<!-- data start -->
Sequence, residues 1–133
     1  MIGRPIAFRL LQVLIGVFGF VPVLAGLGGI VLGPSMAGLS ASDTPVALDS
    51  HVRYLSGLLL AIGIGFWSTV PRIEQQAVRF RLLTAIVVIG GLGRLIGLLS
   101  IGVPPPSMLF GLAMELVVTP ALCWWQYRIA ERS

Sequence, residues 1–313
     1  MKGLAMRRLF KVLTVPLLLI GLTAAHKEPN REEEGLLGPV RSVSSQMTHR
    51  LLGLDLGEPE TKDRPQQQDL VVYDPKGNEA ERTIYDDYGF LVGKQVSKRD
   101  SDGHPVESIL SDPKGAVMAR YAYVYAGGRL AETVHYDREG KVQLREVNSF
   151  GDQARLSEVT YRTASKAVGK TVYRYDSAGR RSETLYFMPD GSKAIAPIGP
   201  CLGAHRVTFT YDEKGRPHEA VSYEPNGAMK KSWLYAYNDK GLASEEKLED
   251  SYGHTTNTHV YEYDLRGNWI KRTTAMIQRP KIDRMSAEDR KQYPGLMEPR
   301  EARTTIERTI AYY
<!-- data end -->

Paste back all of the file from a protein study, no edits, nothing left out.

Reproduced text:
Sequence, residues 1–133
     1  MIGRPIAFRL LQVLIGVFGF VPVLAGLGGI VLGPSMAGLS ASDTPVALDS
    51  HVRYLSGLLL AIGIGFWSTV PRIEQQAVRF RLLTAIVVIG GLGRLIGLLS
   101  IGVPPPSMLF GLAMELVVTP ALCWWQYRIA ERS

Sequence, residues 1–313
     1  MKGLAMRRLF KVLTVPLLLI GLTAAHKEPN REEEGLLGPV RSVSSQMTHR
    51  LLGLDLGEPE TKDRPQQQDL VVYDPKGNEA ERTIYDDYGF LVGKQVSKRD
   101  SDGHPVESIL SDPKGAVMAR YAYVYAGGRL AETVHYDREG KVQLREVNSF
   151  GDQARLSEVT YRTASKAVGK TVYRYDSAGR RSETLYFMPD GSKAIAPIGP
   201  CLGAHRVTFT YDEKGRPHEA VSYEPNGAMK KSWLYAYNDK GLASEEKLED
   251  SYGHTTNTHV YEYDLRGNWI KRTTAMIQRP KIDRMSAEDR KQYPGLMEPR
   301  EARTTIERTI AYY